Companies across a range of industries are adopting machine learning technologies — and as early adopters, eCommerce and retail companies have seen the biggest wins from investing in machine learning. By applying artificial intelligence to key business problems, eCommerce companies are using machine learning models to drive higher sales, predict demand, and personalize the shopping experience through more relevant search results and real-time customer service.
To train machine learning and AI algorithms to respond to high volumes of customers, retailers must collect large amounts of training data. We recently blogged about a 2018 report from McKinsey that analyzed hundreds of use cases for AI. While marketing and sales departments often see the quickest wins with AI, customer service teams can provide better experiences in real-time through smarter analytics and chatbots. McKinsey also recommends that retailers with physical stores invest in AI to optimize supply chains and improve inventory management. With technology that takes the entirety of an individual’s behaviors and preferences into consideration when generating a search result, pricing quote, or next best action, retailers can use AI to optimize product recommendations and personalize the customer experience.
Read on to learn how leading companies are using ML and AI to deliver better eCommerce and retail experiences.
Boosting eCommerce sales using AI tools
Given their wealth of data around customer behavior and preferences, large online retailers are at the forefront of AI-driven personalization. Winning strategies include personalizing website content and product recommendations based on previous customer behavior, personalizing communications based on both behavior and learned preferences, using chatbots to help customers navigate the shopping experience, and connecting social media and programmatic ad buying to serve up the most relevant and high-converting ads to customers who are most likely to make a purchase.
Retailers using AI to personalize the customer experience have seen increased profits and business value. A recent report from Boston Consulting Group found that retailers that adopted personalization strategies saw sales gains of 6-10% — a rate two to three times faster than retailers who did not. Using AI to personalize shopping will also boost profitability by 59% for wholesale and retail companies by 2035, according to Accenture.
Italian fashion brand Cosabella, working with an AI start-up software firm called Sentient, is using AI to rapidly test multiple user experience designs for its website. Unlike traditional A/B testing, this multi-variant testing allows their product recommendation and communications engines to gain insight from and adapt to customer behavior. The brand claims the AI process immediately boosted sales by 35%.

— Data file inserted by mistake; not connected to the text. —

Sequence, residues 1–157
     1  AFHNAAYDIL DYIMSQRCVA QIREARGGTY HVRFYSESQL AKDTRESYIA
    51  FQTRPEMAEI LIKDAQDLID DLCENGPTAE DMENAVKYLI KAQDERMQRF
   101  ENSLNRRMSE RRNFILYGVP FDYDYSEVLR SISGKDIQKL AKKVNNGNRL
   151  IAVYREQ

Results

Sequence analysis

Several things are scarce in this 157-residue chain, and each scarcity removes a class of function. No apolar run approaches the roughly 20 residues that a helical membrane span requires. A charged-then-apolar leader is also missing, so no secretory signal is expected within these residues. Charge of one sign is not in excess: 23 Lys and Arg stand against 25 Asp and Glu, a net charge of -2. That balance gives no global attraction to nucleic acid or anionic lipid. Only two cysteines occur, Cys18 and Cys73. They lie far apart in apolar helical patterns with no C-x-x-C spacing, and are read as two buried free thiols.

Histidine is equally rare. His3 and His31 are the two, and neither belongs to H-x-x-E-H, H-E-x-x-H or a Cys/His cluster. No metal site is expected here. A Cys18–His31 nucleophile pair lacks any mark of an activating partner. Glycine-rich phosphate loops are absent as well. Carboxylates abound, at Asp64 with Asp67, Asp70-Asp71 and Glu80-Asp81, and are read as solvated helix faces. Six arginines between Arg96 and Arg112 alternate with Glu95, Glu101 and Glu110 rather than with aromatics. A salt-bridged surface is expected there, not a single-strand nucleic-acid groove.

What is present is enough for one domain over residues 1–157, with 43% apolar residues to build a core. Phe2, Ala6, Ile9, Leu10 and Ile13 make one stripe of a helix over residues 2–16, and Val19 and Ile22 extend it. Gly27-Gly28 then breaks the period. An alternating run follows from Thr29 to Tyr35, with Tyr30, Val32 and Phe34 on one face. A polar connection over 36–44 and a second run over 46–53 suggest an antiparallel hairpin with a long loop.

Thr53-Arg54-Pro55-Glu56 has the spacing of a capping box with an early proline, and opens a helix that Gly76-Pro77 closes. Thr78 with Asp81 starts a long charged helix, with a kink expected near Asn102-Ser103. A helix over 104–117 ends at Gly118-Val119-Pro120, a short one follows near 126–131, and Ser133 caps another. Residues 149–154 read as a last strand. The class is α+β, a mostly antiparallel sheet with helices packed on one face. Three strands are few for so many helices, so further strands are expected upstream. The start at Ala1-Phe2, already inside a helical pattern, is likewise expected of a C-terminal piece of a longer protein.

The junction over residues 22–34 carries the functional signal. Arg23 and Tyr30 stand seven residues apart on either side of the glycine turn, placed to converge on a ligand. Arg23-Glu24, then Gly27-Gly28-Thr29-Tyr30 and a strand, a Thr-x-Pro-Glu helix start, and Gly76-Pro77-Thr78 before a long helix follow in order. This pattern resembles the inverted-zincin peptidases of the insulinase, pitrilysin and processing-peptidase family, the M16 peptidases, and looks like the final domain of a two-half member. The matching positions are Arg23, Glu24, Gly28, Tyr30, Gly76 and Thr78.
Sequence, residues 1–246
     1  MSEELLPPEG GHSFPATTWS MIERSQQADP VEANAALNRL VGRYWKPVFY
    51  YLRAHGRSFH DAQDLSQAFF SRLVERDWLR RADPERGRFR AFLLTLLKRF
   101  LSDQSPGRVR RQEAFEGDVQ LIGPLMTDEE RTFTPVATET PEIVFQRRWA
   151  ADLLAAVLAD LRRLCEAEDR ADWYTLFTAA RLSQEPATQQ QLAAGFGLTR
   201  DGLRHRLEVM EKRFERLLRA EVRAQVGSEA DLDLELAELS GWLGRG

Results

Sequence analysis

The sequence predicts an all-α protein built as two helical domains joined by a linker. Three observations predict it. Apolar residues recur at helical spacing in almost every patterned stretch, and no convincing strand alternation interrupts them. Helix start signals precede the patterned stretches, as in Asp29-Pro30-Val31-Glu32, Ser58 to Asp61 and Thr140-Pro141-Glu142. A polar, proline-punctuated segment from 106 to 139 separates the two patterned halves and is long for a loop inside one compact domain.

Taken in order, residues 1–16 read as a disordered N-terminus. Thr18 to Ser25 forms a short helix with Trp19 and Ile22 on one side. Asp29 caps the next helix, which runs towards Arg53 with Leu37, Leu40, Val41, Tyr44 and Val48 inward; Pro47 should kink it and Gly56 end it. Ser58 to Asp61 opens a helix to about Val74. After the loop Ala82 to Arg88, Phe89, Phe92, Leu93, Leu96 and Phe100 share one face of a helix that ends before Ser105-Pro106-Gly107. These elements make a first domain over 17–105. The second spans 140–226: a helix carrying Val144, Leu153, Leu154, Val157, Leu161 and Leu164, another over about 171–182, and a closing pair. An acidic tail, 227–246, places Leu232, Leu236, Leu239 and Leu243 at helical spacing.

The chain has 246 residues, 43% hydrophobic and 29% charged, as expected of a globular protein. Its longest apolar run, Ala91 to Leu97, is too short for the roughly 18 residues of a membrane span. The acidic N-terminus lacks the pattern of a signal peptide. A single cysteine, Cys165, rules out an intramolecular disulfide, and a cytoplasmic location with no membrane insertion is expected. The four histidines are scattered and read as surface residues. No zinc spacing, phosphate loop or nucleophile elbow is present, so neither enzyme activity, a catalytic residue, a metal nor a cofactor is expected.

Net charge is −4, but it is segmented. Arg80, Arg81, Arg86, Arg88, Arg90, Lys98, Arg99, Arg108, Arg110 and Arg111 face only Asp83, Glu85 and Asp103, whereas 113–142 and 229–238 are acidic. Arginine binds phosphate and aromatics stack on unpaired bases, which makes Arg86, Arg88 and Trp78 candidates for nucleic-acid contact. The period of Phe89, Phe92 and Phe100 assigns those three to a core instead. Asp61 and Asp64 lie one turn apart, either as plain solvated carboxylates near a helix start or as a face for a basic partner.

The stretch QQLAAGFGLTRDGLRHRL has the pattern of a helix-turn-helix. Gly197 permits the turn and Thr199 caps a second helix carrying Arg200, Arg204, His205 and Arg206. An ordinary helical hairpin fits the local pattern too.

An AI-powered humanoid robot called Pepper that has been programmed to “perceive human emotions” has boosted sales and in-store customer interactions in both retail shops and cafes in California. After using Pepper in its retail outlets, retailer The Ave reported a 98% increase in customer interactions, a 20% increase in foot traffic, and a 300% increase in revenue.
Using AI to personalize the customer experience
Online retailers are investing in AI-powered personalization engines to bring together the human interaction of an in-store experience with the convenience of an online sale. These AI tools help shoppers search for products online by speaking, or even using images uploaded from their smartphone, to emulate the experience of interacting with a person. This strategy helps retailers differentiate themselves, boost word-of-mouth sales, and increase customer loyalty.
Skechers uses AI for site search relevance for their lifestyle and sportswear brand. As online shoppers click on a product they’re interested in, AI-powered tools analyze the Skechers catalogue in real-time to serve up similar or related items. This provides a more seamless, intuitive shopping experience for customers, and helps surface the products they actually want — boosting both customer satisfaction and sales.
A unified communications cloud provider, Star2Star, uses Conversica’s customizable sales assistant software bot to cross-sell or re-engage existing leads — in one case resulting in a 30% email response rate within hours. Bosch Automotive also uses Conversica, attributing an average increase of 60 sales per month at one Toyota dealership to the software.
Predicting demand and preferences with AI tools
AI algorithms are able to handle deep learning, statistical programming, and predictive analysis of huge amounts of data in a way that humans cannot. The popular Netflix series, House of Cards, resulted from AI pattern learning techniques. The company analyzed datasets of their most-watched TV shows to predict what kind of drama customers would most enjoy.
Retail giants like Amazon have used machine learning algorithms since 2014 to forecast demand, drive stocking efficiencies across warehouses, and set prices based on analysis of how much consumers are willing to spend on certain items.
As the Harvard Business Review states, “…this level of prediction requires detecting subtle patterns from massive data sets that are constantly in flux: consumers’ purchase histories, product preferences, and schedules; competitors’ pricing and inventory; and current and forecasted product demand.”
AI and machine learning can help analyze these massive data sets. At Appen, we’ve helped leading retailers improve their machine learning programs through high-quality, human-annotated data. Whether you are looking to improve onsite search, provide personalization or improve your customer service, we can provide the high-quality data needed to enhance your machine learning models.
To find out more about the retail solutions that Appen’s high-quality data enables, click here.